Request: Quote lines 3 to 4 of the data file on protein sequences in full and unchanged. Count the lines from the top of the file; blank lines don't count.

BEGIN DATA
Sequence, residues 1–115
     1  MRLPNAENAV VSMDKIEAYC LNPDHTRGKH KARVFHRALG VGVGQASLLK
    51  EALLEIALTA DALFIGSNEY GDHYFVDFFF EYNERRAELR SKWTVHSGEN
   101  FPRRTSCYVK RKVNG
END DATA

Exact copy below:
    51  EALLEIALTA DALFIGSNEY GDHYFVDFFF EYNERRAELR SKWTVHSGEN
   101  FPRRTSCYVK RKVNG